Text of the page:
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F1 news: Austrian Grand Prix session timings and preview

The 2020 Formula 1 world championship will finally get underway with the Austrian Grand Prix on July 3-5, having been delayed by several months due to the coronavirus pandemic. Here’s all you need to know about the season opener.

F1’s 70th anniversary season was originally due to begin at the Australian Grand Prix in March, but the race had to be cancelled prior to first practice after a member of the McLaren team tested positive for coronavirus.

Since then the entire calendar has been reshuffled, while a number of high-profile events such as the Monaco Grand Prix and the returning Dutch GP at Zandvoort have been called off entirely.

As per the latest calendar, the championship will kick off with two races at the Red Bull Ring in Austria in consecutive weeks, followed by six more rounds in Europe – including another double-header at Silverstone in the UK. More races, including those outside Europe, will be announced in due course.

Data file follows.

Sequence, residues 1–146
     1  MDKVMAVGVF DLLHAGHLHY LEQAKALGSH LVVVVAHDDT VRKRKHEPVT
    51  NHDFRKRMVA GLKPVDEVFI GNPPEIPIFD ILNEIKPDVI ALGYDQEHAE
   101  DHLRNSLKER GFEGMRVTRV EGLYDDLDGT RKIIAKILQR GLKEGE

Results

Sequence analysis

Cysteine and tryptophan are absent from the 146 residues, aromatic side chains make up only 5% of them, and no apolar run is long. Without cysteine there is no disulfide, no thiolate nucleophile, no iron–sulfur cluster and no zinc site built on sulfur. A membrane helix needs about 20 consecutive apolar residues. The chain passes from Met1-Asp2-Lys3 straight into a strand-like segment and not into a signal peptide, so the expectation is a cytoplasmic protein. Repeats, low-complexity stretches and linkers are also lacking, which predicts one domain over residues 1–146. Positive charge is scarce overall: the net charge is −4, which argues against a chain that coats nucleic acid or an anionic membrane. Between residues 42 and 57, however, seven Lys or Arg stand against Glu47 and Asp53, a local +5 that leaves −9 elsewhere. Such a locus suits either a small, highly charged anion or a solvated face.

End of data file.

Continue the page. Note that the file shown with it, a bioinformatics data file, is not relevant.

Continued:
This weekend’s Austrian GP will be the first championship race to take place since the 2019 Abu Dhabi Grand Prix, marking the end of a seventh-month long break.

The race will take place behind closed doors, with no fans allowed access at the track. There is also a restriction on the number of members each team can bring to a grand prix, and those present at the track must follow social distancing and other guidelines issued by the FIA.

Several procedural changes have also been made, with the traditional podium ceremony and the drivers’ parade being dropped altogether.